If you were in the lucky position of being able to build from the ground up, it would be an great time to sit down and have a chat with Tim and Jan Singbeil, the new owners of EcoInhabit, a green building store located in Meaford, Ontario.
Jan and Tim have lived in Meaford for about 20 years, and during that time have been farmers and owned a cabinetry shop. They’re big believers in restoring the land and using benign materials for building. “Benign” in this case refers as much to the off-gassing potential of the product as it does its environmental impact.
When EcoInhabit’s former owners put the business up for sale, Jan and Tim decided it was a good opportunity to expand their cabinetry shop into a full-service green building shop. The store itself offers a variety of green building products, such as American Clay, zero VOC paints and stains and reclaimed flooring. They still maintain their cabinetry operation so they sell solid wood furniture made in their own shop, including kitchen cabinetry and solid wood bed frames. They also sell biodegradable cleaners, reusable produce bags and a line of eco products for babies. It’s a fun place to browse through.
But what you’re really getting when you go into EcoInhabit, is a lesson on building and maintaining a healthy, durable, low-impact home. The Singbeils’ philosophy is that using local, durable materials and building with people from within the community are two of the keys to building durable, healthy buildings. They are also lucky to be able to work with some like-minded customers in the area who are willing participants. Jan and Tim continuously seek out better building techniques so that once built, these structures consume as little energy as possible and don’t off-gas any harsh chemicals.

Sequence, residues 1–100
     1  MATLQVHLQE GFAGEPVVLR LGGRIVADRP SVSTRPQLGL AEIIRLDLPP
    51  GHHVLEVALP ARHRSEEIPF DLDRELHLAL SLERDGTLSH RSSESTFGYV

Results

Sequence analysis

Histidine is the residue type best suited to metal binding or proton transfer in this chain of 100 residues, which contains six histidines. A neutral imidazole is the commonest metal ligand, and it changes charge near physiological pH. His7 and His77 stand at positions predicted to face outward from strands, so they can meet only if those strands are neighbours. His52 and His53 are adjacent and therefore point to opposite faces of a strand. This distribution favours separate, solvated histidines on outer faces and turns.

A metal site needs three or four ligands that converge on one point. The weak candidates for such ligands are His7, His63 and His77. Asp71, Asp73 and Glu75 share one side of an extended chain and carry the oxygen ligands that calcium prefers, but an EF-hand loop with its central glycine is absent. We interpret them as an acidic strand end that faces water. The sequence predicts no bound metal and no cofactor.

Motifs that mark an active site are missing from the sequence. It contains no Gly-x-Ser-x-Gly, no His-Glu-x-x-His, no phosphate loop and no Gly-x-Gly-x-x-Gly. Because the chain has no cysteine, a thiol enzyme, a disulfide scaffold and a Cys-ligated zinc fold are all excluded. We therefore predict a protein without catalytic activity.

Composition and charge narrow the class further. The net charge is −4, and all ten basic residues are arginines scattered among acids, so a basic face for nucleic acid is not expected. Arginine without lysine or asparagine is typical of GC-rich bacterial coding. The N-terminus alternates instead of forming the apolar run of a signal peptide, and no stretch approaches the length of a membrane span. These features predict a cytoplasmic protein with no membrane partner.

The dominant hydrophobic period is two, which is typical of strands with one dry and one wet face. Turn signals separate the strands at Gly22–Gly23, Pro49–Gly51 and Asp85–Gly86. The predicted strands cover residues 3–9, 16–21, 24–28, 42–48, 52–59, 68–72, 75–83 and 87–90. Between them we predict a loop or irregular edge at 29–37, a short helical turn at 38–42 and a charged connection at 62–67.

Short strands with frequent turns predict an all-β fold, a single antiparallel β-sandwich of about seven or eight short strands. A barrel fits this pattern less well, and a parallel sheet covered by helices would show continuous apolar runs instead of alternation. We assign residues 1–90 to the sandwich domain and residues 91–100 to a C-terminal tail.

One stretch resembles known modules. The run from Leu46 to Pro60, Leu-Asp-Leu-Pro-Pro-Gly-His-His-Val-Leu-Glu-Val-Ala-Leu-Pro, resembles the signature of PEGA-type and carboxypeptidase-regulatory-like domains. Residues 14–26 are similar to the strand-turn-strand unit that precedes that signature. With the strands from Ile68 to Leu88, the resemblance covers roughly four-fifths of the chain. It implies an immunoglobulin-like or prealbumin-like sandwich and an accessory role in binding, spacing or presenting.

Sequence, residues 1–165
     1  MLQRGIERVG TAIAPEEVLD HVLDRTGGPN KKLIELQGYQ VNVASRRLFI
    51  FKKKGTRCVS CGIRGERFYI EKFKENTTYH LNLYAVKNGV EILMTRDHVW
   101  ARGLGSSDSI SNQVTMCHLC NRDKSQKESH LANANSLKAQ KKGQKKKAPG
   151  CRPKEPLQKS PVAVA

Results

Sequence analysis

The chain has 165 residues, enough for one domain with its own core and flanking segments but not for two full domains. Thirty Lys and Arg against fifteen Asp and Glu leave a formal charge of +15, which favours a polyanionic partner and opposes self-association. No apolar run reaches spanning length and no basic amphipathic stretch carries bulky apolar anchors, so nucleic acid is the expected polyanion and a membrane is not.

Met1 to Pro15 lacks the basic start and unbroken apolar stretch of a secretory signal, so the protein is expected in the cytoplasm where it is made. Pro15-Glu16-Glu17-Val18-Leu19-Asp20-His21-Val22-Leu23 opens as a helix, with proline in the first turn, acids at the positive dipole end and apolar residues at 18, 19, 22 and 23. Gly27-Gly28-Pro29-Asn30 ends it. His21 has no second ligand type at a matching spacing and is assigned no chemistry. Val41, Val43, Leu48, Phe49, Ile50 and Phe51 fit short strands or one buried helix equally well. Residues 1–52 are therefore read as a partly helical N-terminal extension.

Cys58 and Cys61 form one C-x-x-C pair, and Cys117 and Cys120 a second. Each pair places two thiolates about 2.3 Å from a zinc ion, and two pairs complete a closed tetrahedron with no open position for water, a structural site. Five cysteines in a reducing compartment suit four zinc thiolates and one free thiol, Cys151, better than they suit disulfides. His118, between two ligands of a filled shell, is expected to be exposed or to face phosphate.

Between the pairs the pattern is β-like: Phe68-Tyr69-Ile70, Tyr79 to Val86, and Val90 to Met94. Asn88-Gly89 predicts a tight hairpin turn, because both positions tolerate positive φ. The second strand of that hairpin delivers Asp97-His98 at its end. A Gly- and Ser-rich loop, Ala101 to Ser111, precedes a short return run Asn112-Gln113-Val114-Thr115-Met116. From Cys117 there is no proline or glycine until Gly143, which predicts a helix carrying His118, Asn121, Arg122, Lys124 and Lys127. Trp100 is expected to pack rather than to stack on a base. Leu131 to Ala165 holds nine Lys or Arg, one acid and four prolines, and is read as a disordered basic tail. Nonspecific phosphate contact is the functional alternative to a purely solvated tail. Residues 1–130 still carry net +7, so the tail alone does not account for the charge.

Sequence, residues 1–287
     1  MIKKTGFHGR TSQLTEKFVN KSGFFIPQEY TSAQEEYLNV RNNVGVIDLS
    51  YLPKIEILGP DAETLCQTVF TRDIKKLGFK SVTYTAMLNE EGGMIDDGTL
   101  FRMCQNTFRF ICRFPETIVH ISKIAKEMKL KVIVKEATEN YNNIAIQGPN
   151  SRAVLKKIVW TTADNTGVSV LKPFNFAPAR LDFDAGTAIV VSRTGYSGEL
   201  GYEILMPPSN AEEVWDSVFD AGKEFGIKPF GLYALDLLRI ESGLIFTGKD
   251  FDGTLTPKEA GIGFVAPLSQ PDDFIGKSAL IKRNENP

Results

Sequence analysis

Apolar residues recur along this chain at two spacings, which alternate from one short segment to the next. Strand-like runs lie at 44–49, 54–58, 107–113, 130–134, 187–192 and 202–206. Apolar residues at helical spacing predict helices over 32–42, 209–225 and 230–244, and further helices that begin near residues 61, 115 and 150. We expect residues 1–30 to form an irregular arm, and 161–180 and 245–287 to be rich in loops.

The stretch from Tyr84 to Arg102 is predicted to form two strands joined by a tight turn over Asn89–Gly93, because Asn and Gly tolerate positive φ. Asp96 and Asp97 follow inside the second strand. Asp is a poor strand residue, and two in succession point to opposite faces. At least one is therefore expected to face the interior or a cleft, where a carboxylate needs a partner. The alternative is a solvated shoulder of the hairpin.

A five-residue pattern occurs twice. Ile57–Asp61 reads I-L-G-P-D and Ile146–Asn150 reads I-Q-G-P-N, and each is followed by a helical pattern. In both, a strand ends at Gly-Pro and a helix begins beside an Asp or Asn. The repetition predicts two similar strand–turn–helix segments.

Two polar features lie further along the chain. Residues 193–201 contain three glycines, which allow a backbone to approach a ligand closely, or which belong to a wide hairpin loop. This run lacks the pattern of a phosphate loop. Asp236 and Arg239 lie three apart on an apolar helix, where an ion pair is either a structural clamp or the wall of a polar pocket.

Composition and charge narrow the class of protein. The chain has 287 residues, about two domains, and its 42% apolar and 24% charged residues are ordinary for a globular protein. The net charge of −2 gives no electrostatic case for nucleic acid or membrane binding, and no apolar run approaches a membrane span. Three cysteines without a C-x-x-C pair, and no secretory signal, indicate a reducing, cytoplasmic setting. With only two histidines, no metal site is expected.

Tim said that once they were working with a client and their objective was to build a home that would last, at a minimum, of 100 years. Then they decided, “if we’re building a home to last 100 years, why not 300?” The consequence of that target meant that as few mechanical systems were installed as possible; low-tech and no-tech are better than mechanical systems that are definitely not going to last 300 years, or 100 years for that matter. Homes are super-insulated, oriented to take advantage of passive solar energy in the winter and shaded in summer. Heating systems are as small as possible and mechanical cooling systems are avoided as much as possible.
A healthy home is mould and mildew free, sturdy and severe-weather proof, with no off-gassing of toxic chemicals from construction. The Singbeils construct homes with Durisol blocks, and encourage clients to choose American Clay for some wall applications since it works so well with the thermal mass of the Durisol blocks and regulates relative humidity.
They put a lot of thought into home construction and source as locally as possible working with expert trades who are familiar with their green materials. Any particleboard products are NAUF (no added urea-formaldehyde), and now they’re entering a new green area which is EMR, or, electromagnetic radiation, another form of pollution in the form of electricity. I confess that I’m not that familiar with EMR and, so, need to learn a little bit more about it.
To learn more about EcoInhabit and the Singbeils’ building philosophy, visit their website, or better yet, if you happen to be in the Georgian Triangle, make sure you stop by the store.
121 Old Highway #26
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